Cons: One possible explanation for why the majority of patients don't get relief? The active ingredient of saw palmetto -- like its exact mechanism -- hasn't been identified, so different formulations may produce different results, says Katz.

Red clover has long been used as an alternative treatment for a variety of conditions -- from menopausal hot flashes to psoriasis -- because it is rich in isoflavones, a protein found in soybeans. Not only is this believed to help inhibit prostate and other cancer tumors, it could help treat BPH. A product commercially sold as Trinovin (and whose manufacturer paid for Katz's study) has been found in several trials to improve urine flow and decrease symptoms by as much as 23%.

Pros: Isoflavones are suspected of helping more than BPH, but Trinovin contains four types believed to be powerful for overall health and in treating BPH and reducing prostate cancer risk.


Cons: Some studies suggest that improvements are most noticeable after one month and then continue at a much slower rate. Little or no improvement is noticed at varying doses.

Soy contains high concentrations of the same isoflavones found in red clover and is often cited as a reason why Japanese men rarely get prostate cancer.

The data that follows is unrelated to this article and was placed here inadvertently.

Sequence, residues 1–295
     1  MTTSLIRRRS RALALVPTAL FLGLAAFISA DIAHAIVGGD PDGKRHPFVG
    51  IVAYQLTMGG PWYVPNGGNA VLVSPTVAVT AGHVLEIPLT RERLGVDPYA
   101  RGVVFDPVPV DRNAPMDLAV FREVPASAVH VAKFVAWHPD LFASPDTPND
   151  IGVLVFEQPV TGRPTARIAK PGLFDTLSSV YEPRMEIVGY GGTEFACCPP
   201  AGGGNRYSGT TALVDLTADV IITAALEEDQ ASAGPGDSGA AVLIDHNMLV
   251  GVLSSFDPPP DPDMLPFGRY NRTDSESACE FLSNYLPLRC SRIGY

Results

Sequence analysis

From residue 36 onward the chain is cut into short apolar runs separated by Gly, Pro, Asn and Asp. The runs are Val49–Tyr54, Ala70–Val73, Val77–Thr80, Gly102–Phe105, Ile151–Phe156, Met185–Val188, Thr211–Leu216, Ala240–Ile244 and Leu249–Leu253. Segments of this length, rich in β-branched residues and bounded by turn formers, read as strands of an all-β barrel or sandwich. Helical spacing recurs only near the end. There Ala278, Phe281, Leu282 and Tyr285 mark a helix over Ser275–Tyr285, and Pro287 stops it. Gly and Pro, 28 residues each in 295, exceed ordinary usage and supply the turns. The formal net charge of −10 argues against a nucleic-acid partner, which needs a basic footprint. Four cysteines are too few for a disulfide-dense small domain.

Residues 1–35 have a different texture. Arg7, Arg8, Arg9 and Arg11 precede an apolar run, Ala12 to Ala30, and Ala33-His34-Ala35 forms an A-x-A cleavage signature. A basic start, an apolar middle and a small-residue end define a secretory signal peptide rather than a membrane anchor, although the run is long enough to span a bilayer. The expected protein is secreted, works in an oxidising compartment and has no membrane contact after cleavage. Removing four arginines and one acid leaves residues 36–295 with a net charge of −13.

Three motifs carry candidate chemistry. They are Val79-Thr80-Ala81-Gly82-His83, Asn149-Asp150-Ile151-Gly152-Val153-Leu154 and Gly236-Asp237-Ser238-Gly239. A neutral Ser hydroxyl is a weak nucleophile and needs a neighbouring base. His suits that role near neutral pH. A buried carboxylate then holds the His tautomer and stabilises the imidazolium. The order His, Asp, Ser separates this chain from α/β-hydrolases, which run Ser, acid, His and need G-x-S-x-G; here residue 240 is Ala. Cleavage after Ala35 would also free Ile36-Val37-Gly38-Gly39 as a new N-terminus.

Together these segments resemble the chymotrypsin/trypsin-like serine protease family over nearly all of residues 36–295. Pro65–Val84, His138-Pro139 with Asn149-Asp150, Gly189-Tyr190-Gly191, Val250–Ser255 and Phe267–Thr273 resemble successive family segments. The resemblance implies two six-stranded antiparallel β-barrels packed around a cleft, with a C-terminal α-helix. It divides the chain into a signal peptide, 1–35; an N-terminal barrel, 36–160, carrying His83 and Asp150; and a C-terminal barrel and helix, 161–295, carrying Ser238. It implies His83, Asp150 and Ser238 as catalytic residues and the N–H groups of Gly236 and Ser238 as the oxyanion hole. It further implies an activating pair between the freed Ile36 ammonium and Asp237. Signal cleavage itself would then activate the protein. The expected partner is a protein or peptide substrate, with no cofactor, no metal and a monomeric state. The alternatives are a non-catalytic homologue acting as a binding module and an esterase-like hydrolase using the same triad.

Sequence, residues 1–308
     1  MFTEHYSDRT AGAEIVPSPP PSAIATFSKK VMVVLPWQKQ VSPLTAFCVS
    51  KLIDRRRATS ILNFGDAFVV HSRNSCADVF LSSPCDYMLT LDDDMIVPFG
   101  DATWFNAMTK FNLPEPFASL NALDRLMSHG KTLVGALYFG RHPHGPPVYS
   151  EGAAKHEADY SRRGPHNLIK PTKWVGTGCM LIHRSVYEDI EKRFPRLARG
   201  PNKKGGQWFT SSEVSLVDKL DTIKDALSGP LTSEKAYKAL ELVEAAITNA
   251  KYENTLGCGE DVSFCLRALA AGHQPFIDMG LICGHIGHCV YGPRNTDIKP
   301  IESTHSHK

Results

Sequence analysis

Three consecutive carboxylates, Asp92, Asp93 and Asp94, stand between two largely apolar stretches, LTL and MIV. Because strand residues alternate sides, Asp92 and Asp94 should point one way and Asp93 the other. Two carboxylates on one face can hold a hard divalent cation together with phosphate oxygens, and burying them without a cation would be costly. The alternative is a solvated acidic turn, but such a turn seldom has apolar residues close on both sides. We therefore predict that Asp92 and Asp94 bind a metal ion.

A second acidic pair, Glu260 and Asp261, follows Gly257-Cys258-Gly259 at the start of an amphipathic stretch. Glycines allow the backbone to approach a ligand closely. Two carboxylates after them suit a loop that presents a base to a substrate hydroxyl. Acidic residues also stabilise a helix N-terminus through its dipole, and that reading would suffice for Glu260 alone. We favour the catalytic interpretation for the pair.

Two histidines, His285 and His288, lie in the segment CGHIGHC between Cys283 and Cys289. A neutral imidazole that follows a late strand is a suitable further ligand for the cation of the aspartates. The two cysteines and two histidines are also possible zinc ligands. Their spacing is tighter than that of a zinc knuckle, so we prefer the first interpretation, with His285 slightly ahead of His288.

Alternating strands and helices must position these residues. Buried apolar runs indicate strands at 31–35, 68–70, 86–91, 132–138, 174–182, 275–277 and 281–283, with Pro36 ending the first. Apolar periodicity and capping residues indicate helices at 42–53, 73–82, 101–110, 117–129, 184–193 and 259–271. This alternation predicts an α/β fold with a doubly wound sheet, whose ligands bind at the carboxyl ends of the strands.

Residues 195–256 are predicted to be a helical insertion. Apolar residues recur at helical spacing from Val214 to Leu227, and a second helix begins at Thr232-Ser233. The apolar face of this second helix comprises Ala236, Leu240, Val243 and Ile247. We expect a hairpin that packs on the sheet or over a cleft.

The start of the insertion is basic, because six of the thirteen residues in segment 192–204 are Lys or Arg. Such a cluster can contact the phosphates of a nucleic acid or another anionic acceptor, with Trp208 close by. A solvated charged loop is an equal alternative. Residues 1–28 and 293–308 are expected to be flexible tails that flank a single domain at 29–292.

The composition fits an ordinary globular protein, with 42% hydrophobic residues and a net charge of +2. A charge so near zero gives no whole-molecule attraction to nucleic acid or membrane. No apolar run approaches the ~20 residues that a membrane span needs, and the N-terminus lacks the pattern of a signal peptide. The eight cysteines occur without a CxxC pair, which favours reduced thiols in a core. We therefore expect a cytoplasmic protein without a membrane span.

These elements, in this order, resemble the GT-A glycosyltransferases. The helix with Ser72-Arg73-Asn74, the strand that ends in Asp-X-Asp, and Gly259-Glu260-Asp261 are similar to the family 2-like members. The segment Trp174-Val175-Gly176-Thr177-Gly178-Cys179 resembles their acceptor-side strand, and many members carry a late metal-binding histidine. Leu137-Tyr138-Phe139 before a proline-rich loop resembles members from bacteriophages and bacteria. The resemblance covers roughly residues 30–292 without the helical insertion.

Pros: Also believed to offers many health benefits and strong evidence of reducing prostate cancer.

Cons: For maximum benefit, it's recommend that men consume eight ounces of soy foods daily, which is impractical and would create severe gas problems, says Katz.

African tree bark (pygeum africanum) is so popular in Europe and Africa that the tree from which this treatment is harvested is now on the endangered list.

Pros: Studies show it brings relief, but how? Some show it relieves symptoms by reducing prostate swelling, while others indicate it may reduce inflammation or inhibit growth factors associated with prostate enlargement and tumor development.

Cons: Typically not a standalone treatment, and usually used in conjunction with saw palmetto.

Of course, because they are not regulated by the FDA, some experts say that many herbal supplements vary widely in the amount of active herbal extract claimed on the label. A study presented to the American Urological Association last year found that some brands tested contained less than 15% of the active ingredient listed on their label.

WebMD Health News Reviewed by Brunilda Nazario, MD on February 05, 2003


SOURCES: The Journal of Alternative and Complementary Medicine, December 2002 • Aaron Katz, MD, director of The Center for Holistic Urology at Columbia-Presbyterian Medical Center; assistant clinical professor of urology, Columbia University School of Medicine • Franklin Lowe, MD, MPH, associate director of the Department of Urology at St. Luke's/Roosevelt Hospital; chairman of the American Urological Association's Complementary & Alternative Medicine Committee • Eric K. Seaman, MD, FACS, private practitioner, West Orange, N.J. * American Urological Association.